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Discussion on: Create Reusable Web Components in HTML

scott_yeatts profile image
Scott Yeatts

Excellent breakdown. One of the most interesting things I've been looking at for the last couple of years is the slow shift to a compiler pattern in JS frameworks. Svelte, Stencil from Ionic and github just came out with one recently called Catalyst that looks a lot like Stencil without JSX on a cursory inspection. Except for Svelte (where it's optional) they compile to web components.

Angular and Vue have options to compile into web components, Salesforce has been using lightning web components since 2016 (I think it was 2016), Red hat is moving the next version of Patternfly to WC, Apple's been using WC in a few places since 2018, the list goes on. I see a lot of comments about how people "don't see it"... But they would have to be actively ignoring it or in <insert top 3 framework here>-only land for that to be true.

Keep in mind, Web components have only been adopted into Firefox since Oct of 2018, and Edge since it went Chromium, so it's still early days for the spec, but it definitely looks like the trend is moving towards web components/native JS sent to the user's browser and ever so slightly away from sending a big framework to act as a runtime. But that shift takes time and articles like this to get the word out!

Web components also have a terrible reputation from around 2015 when the v0 spec was out and polymer and a few other projects we're trying to implement them. It's also where things like "Shadow DOM is bad for SEO" come from. It's outdated info. It got much better with v1 and the new generation of tools like the ones I mentioned plus lit-element and lit-html (the "new" polymer from Google)

dannyengelman profile image
Danny Engelman

"Keep in mind, Web components have only been adopted into Firefox since Oct of 2018, and Edge since it went Chromium, so it's still early days for the spec,"

This is a funny argument.
So something is a JS standard, but a JS standard has to mature like wine or whiskey before you can use it?

scott_yeatts profile image
Scott Yeatts

Not really an "argument" so much as a signal, or setting expectations. A common argument against using WCs that I've encountered since I started using them back in 2018 was the lack of tools and libraries compared to the current framework ecosystem.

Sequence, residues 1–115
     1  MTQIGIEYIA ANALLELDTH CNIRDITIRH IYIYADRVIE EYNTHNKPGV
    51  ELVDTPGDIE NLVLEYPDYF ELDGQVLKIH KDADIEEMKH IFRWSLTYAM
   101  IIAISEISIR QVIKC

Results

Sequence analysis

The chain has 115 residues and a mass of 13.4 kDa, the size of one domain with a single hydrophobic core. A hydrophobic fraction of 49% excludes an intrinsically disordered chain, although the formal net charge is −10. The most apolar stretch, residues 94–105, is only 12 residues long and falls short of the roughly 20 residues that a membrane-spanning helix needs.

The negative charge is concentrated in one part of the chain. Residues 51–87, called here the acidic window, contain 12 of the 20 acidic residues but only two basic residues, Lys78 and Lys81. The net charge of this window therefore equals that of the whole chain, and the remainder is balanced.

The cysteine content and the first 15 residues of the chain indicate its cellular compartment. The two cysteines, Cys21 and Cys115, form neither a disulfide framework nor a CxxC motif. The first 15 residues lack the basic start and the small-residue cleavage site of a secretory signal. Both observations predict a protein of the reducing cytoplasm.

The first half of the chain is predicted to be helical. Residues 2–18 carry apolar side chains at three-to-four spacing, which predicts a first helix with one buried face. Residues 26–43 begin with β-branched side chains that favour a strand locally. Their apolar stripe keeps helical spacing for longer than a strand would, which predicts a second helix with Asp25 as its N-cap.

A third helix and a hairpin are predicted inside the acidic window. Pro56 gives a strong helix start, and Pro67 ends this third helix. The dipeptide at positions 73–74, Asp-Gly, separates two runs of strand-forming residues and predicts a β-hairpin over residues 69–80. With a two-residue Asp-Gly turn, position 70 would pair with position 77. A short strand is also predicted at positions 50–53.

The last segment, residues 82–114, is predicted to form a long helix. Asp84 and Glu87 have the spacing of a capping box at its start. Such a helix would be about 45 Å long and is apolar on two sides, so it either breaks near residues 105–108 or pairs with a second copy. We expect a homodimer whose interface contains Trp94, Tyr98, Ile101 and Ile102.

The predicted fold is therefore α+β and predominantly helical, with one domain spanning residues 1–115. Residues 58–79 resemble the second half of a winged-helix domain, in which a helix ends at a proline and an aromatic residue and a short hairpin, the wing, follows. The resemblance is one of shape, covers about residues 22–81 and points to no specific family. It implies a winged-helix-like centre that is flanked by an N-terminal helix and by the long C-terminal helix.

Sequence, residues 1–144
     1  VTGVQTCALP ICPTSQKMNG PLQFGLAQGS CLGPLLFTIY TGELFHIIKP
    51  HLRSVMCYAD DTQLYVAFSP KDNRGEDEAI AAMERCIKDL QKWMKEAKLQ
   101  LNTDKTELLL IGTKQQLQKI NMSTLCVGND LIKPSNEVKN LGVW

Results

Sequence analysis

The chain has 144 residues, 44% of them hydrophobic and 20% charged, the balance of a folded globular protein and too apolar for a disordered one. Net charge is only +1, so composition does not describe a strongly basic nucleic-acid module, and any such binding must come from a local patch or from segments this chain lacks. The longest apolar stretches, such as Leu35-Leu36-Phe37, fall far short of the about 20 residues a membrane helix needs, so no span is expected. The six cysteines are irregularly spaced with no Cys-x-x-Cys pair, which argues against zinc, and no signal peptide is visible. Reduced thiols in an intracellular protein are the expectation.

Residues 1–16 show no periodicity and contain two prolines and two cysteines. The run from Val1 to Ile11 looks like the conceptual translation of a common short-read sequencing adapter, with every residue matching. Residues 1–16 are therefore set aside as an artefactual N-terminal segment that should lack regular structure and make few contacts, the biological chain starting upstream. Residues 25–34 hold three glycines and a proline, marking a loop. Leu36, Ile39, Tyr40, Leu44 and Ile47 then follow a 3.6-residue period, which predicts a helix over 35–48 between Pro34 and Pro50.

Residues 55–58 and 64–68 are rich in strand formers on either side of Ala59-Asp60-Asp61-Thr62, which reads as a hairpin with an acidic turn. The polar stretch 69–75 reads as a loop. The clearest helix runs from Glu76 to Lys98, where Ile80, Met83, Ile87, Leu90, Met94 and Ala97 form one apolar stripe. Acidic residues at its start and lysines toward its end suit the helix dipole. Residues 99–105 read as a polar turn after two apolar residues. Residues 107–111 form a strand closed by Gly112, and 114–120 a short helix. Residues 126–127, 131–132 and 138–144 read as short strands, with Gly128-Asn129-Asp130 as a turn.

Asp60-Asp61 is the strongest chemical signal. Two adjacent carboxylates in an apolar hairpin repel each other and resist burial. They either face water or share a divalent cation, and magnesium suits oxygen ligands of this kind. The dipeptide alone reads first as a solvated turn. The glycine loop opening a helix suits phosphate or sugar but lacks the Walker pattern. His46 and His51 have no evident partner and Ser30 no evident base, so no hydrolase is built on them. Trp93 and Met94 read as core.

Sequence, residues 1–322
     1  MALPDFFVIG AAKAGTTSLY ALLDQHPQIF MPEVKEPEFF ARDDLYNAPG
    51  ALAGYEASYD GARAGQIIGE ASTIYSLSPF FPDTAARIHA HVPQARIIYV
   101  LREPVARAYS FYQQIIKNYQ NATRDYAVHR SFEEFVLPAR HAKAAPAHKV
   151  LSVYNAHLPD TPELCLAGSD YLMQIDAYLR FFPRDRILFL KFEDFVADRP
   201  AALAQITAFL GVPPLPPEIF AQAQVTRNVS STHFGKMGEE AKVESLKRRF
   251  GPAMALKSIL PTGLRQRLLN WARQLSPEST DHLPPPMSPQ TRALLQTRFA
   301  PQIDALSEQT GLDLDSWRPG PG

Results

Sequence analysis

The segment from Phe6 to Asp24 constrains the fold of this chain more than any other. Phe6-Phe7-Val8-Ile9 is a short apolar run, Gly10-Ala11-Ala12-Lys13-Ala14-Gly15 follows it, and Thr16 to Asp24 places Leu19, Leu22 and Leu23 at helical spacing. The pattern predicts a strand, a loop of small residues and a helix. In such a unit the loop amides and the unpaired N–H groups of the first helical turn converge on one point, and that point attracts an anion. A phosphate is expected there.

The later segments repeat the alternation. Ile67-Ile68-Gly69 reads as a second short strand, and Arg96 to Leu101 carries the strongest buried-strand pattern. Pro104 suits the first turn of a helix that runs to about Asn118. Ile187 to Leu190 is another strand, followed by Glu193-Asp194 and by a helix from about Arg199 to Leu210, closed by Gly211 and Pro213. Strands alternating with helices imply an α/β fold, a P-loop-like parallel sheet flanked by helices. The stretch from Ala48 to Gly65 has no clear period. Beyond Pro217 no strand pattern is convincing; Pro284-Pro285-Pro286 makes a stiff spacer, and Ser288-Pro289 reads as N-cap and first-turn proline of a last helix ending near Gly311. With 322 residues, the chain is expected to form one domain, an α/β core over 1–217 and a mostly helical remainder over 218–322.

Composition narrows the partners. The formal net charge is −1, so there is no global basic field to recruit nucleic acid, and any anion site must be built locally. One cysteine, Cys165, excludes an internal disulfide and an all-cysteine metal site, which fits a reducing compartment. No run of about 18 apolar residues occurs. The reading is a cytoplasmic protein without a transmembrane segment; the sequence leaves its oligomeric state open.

The difference is that those frameworks have had a decade+ of tooling behind them.

The same thing happened when transitioning the ecosystem away from jQuery, as a lot of engineers at the time argued against moving away because of the huge plugin ecosystem and tools like Bootstrap that depended on jQuery.

Just like jQuery could be used inside a framework environment (and still is in some environments to this day), WCs can be used inside the traditional framework environments.

But if people allow that kind of FUD to stop them from adopting new changes to the spec, the ecosystem will never grow, and we'll still be building the same old React applications 20 years from now instead of pushing the discipline further and taking advantage of tools that are natively supported in the browser.

So in a way, from the perspective of adoption and support, my answer is that yes, there is a certain amount of maturing that anything introduced into the JS (or any other language's) ecosystem needs.

Even the spec went through two drafts before adoption, but now that it HAS been adopted, it will take a while for the ecosystem to build.

That said, the difference in support from 2018 (where there was little to none) and today is a pretty significant change, and I expect it to keep growing over the next few years.

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dannyengelman profile image
Danny Engelman

But if you think of Web Components as just a language feature...

No one is saying, well... Set and Map have only been possible for N years, so be careful using them...
and no one is NOT using them because there is no extra tooling.

Biggest problem with WCs is that most developers are comparing them to other technologies.
Comparing them to RAVS (React,Angular,Vue,Svelte) is like comparing Set/Map to Redux

And (maybe) an even bigger problem IS the tooling available; the number of "Web Component" libraries is just crazy. Means most people learn A Tool instead of The Technology.... and a fool with a tool, is still a fool (is what we learned from jQuery)

𝘞𝘦𝘣 𝘊𝘰𝘮𝘱𝘰𝘯𝘦𝘯𝘵𝘴 𝘢𝘳𝘦 𝘯𝘦𝘸 𝘑𝘢𝘷𝘢𝘚𝘤𝘳𝘪𝘱𝘵 𝘭𝘢𝘯𝘨𝘶𝘢𝘨𝘦 𝘧𝘦𝘢𝘵𝘶𝘳𝘦𝘴 𝘸𝘪𝘵𝘩 100% 𝘮𝘰𝘥𝘦𝘳𝘯 𝘣𝘳𝘰𝘸𝘴𝘦𝘳 𝘴𝘶𝘱𝘱𝘰𝘳𝘵,
𝘵𝘩𝘦𝘺 𝘢𝘳𝘦 𝘩𝘦𝘳𝘦 𝘵𝘰 𝘴𝘵𝘢𝘺 𝘧𝘰𝘳 𝘢𝘴 𝘭𝘰𝘯𝘨 𝘑𝘢𝘷𝘢𝘚𝘤𝘳𝘪𝘱𝘵 𝘪𝘴 𝘢𝘳𝘰𝘶𝘯𝘥.

Should be the only sentence we write to newbies.